Flow When You Can – Pull When You Can’t

The goal of perfect flow is to produce a product or service one at a time, defect free, immediately at the request of the next process. Successful operations accomplish this by flowing the value added activity of their products or services in sequence from order entry to shipment. Any time waiting or resequencing is a barrier to flow and waste. A good example is the Subway sandwich line. An order is placed for a foot-long Italian sub. The sandwich maker takes out the bread, builds the meats and flows the product down the line until completed without interruption. This of course is the goal, but even at Subway there are barriers to flow that cause us to choose another strategy: pull.

The three most common barriers to perfect flow are long changeovers, large imbalances in operation time between processes, and processes that vary by practice or procedure.

Long Changeovers  

Successful organizations understand that short changeover time is a competitive advantage. Businesses able to respond to their customer’s needs by quickly changing from one product to the next offer the shortest lead-time and do it with the lowest inventory levels. The opposite is true as well. Organizations with long changeovers are not able to respond to customer’s needs quickly and usually build up large quantities of inventory to try and take advantage of all of the time it takes to set-up for the new product. The conversations usually sounds something like, “I spent all of this time set-up to do this job, I am not going to make less than 100.” Others talk about the benefits of economic order quantities that attempt to balance the ordering costs and holding costs. The problem is the increase in lead-time to the customer is not considered.

Large Imbalances in Time Between Processes

Subway does a great job of flowing the value added elements of its product from order entry to shipment. But even it is faced with barriers to flow that cause waste, arguably necessary waste, but nonetheless waste.  The challenge comes when the request is to heat the sandwich up. It is necessary to place the cheese steak in an oven for 2 minutes to melt the cheese and toast the bread. The imbalance is caused by the previous processes (adding meats) and the subsequent processes (adding toppings), which takes far less time. Inventory builds up in the form of sandwiches in the process of being made. Additional sandwiches are added to the inventory to work on while the cheese steak heats up. And the sequence is changed as the finished cheese steak enters the line behind those completed while it was cooking.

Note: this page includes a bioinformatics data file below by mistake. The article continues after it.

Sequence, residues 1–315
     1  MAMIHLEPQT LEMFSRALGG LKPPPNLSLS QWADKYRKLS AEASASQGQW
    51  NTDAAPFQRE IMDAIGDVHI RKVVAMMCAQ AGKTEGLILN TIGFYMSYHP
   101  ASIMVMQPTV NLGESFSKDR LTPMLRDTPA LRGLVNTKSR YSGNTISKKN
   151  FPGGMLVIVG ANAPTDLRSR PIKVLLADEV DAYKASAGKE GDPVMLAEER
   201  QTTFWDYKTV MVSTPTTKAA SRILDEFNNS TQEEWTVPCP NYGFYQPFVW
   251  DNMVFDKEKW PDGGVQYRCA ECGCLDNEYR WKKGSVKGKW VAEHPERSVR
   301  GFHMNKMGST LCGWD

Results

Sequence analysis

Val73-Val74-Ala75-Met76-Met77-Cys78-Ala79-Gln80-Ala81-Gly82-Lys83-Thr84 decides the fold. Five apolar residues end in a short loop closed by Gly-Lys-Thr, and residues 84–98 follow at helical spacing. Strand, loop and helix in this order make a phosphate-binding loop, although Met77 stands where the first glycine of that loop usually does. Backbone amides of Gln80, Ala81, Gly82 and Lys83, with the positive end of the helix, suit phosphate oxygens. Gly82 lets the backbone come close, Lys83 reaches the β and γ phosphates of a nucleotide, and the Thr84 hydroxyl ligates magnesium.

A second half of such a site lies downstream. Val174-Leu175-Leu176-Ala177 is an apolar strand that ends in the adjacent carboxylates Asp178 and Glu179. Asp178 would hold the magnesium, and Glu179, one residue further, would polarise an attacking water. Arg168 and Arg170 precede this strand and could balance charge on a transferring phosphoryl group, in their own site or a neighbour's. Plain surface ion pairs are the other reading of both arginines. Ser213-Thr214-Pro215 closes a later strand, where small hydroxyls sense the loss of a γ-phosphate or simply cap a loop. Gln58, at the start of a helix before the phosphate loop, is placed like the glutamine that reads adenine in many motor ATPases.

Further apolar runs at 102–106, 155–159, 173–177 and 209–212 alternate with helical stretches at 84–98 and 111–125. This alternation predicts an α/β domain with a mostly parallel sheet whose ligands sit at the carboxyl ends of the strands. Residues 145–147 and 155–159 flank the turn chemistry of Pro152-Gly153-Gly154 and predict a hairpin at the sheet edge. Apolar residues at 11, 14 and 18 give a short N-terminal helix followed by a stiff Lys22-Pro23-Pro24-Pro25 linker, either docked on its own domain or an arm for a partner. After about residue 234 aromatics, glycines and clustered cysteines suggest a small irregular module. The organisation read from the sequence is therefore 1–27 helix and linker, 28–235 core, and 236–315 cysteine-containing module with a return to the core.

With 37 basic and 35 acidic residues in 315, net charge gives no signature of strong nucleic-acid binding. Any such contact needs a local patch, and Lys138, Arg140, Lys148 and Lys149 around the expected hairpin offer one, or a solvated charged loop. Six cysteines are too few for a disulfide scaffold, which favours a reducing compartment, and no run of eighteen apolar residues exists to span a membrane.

Processes That Vary Their Practice or Procedure

A third barrier to flow is a process with practices or procedures that vary from product to product. The easiest example may be baking something in an oven.  While a cheese steak may only take 3 minutes to melt cheese and toast, frozen soup can take as much as 30 minutes to defrost and cook. A more practical example may be furnace practices for annealing glass or metal to strength it.  Different metals may have different temperature ramp up, soaking time, and specific cool down periods. This requirement causes inventory to build up, either to collect all of the metals with the same practice or varying delay between the different metals as they are annealed.

Pull When You Can’t

When it is not possible to maintain the sequence of products at the specified pace (takt time), it is important not to allow the lead time to grow unmanaged.  Simply adding more and more lead time based on historical performance just makes the problem worse. The strategy successful organizations use is to implement a Pull System. (Warning: this system requires stable processes to attempt.) In this type of system, components used in the process are only replaced once they have been consumed so companies only make enough products to meet customer demand. There are several ways to accomplish this, but the key is to have a strategy and create a managed inventory level.

Help your organization see the value in flowing product from order entry to shipment. Work hard to flow whenever you can and pull when you can’t.

Learn more in Patrick’s book, “Facilitating Effective Change,” available online through Amazon and Barnes & Noble.


Patrick Putorti

Patrick Putorti

Patrick Putorti

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